Among the methodologies to study endodontic infection, the Brown & Brenn staining technique offers information concerning the topographical location, morphology and gram-positive or gram-negative structure of microorganisms in the tissue12,26,38,39. The original technique produced significant damage to the cell walls, especially of gram-negative bacteria, due the aggressive acids involved44,46. In this study fixation and demineralization were undertaken using glutaraldehyde, sucrose, sodium cacodylate and EDTA which replaced the original formic acid and sodium nitrate, respectively. Furthermore, microwave activation reduces the demineralization time38.

Dogs have an apical delta consisting of an intricate system of ramifications, due to the absence of a main foramen9,12,40. However, in this study, a standardized foramen was opened mechanically12,38-40. This experimental model was proved useful to evaluate microbial propagation through the root canal system reaching the apical periodontal ligament by the following paths: the artificial foramen, delta ramifications simulating secondary and accessory canals, dentinal tubules exposed by resorption of apical cementum and dentinal tubules that lead into cementoplasts.

Numerous gram-positive and gram-negative cocci, bacilli and filaments were identified in all sites mostly organized in condensed bacterial layer in a matrix-embedded forming clear biofilms on the dentinal wall of the root canal and root canal system. These morphologic patterns of infection are similar to results from microbiological culture of periapical lesions7,44. Our findings corroborate those of a recent report18, which used similar fixation and demineralization procedures and found high incidence of cocci, bacilli and filaments in the apical third of the root canal system of human molars after instrumentation, antimicrobial irrigation and obturation in one appointment. Periapical biofilms were also observed in the areas of cemental resorption similar to those identified under scanning electron microscopy14,16,19,43,44.

The microbiological culture technique, which is more sensitive than histomicrobiology22,44, has demonstrated the survival of microorganisms in most primary periapical and recurrent lesions7,10,17,32,44 in percentages that vary from 67% to 97.2%. However, the modifications proposed allowed identifying microorganisms in approximately 90% of the periapical lesions in the control group; this percentage is equivalent to those obtained by scanning electron microscopy14,16,19. In the present study, biofilms were observed in areas of cemental resorption in 50% of the control specimens. The formation of these structures involves phases of: adhesion by pili and/or extracellular polysaccharides (adesines and lipopolysaccharides), proliferation with the formation of microcolonies, and stratification and maturation5,33.

Tronstad, et al.42 (1987) hypothesized that in long-term endodontic infections, the microbiota show little change inducing the host defenses to become less effective, and therefore allowing the microorganisms to slowly invade and colonize the periapical tissues. However, the present study showed biofilm formation after a relatively short time (6 to 8 weeks), i.e., the microorganisms colonized the periapical tissues much earlier than expected. The periapical lesion is an expression of the immunological response, being rich in defense elements (neutrophils, macrophages, lymphocytes and antibodies), and represents an inhospitable environment for microorganisms. Nevertheless, those that remain in the tissues awaiting death, on the contrary, develop survival strategies. Costerton, et al.5 (1995) and Slavkin33 (1997) reported that bacteria elaborate substances that inactivate or deceive the host's defense mechanisms, allowing their survival within the tissues. Furthermore, they organize and distribute themselves in the amorphous and slimy extracellular material, becoming resistant to environmental challenge such as nutrient deficiency, oscillation of pH, mechanisms of host defense (opsonization and phagocytosis) and to local and systemic antimicrobials or, in other words, are better known as refractory infections14,16,18,19,34,35,42,44.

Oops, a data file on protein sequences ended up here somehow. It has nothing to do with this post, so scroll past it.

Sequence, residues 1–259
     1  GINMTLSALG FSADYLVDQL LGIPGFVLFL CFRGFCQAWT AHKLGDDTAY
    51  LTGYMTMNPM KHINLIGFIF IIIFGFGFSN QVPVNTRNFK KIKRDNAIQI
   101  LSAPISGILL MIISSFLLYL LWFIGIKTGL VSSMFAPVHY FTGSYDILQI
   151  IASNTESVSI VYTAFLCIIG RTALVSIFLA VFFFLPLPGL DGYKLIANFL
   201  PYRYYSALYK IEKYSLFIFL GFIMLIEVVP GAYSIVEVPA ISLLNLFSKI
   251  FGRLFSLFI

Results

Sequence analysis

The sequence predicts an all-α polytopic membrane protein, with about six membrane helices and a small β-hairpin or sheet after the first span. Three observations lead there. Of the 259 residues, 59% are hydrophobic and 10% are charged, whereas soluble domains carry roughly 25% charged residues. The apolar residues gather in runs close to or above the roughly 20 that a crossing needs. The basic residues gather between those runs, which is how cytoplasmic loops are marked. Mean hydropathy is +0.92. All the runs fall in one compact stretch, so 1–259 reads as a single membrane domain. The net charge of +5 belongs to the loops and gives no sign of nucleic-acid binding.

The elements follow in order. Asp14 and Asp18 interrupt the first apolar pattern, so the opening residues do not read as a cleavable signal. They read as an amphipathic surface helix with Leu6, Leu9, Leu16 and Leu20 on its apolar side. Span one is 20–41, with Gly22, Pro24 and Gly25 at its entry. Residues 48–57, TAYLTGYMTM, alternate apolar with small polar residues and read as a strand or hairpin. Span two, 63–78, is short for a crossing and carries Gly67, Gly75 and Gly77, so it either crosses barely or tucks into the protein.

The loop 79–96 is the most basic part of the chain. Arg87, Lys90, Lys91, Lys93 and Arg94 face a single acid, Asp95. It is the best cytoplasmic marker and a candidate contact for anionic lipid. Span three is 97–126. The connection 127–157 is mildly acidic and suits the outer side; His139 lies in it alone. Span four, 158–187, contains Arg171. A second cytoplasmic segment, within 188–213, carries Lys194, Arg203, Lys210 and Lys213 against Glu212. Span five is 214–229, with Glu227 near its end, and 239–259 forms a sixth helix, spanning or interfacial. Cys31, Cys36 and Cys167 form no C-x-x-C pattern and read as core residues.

The protocol of treatment consists of adequate biomechanical preparation associated with irrigation using 5.25% aqueous sodium hypochlorite, maintaining a light flow along the length of the canal, with a quantity and frequency of 3.6mL at each change of file, coupled with consistent apical enlargement corresponding to diameters of #45/60 and a conicity of 0.06 to 0.08 mm/mm followed by the placement of calcium hydroxide-based pastes.

Undoubtedly, biomechanical preparation represents the most important stage of intracanal anti-sepsis3,4,21,37,38. The use of calcium hydroxide-based intracanal dressings has the goal of maximizing the neutralization, reduction or elimination of endodontic infection1,2,9,15,30,40,41. The calcium hydroxide also neutralizes bacterial toxins, is biocompatible with the periapical tissues, inhibits inflammatory root and bone resorption and stimulates periapical regeneration28,35,36. Due to the physicochemical dynamics of diffusion of hydroxyl ions within the root structure, the maximum alkalinity (pH 9-10) is only obtained in the most external layers of dentin after 2 to 3 weeks29,30,41. This is the reason why pastes remained for 21 days in the root canals in this study. From a chemical standpoint, the antiseptic action of calcium hydroxide is related to its high alkalinity, which alters the molecular structure of DNA, proteins and phospholipids, which are essential for the metabolism and reproduction of microorganisms29,30,40. Physically, the root canal filling inhibits the inflow of nutrients and microbial recolonization29. Polyethylene glycol, anesthetic solution, colophony and zinc oxide are considered inert. Other substances in the pastes with an antiseptic action were CPMC and 2% chlorhexidine digluconate.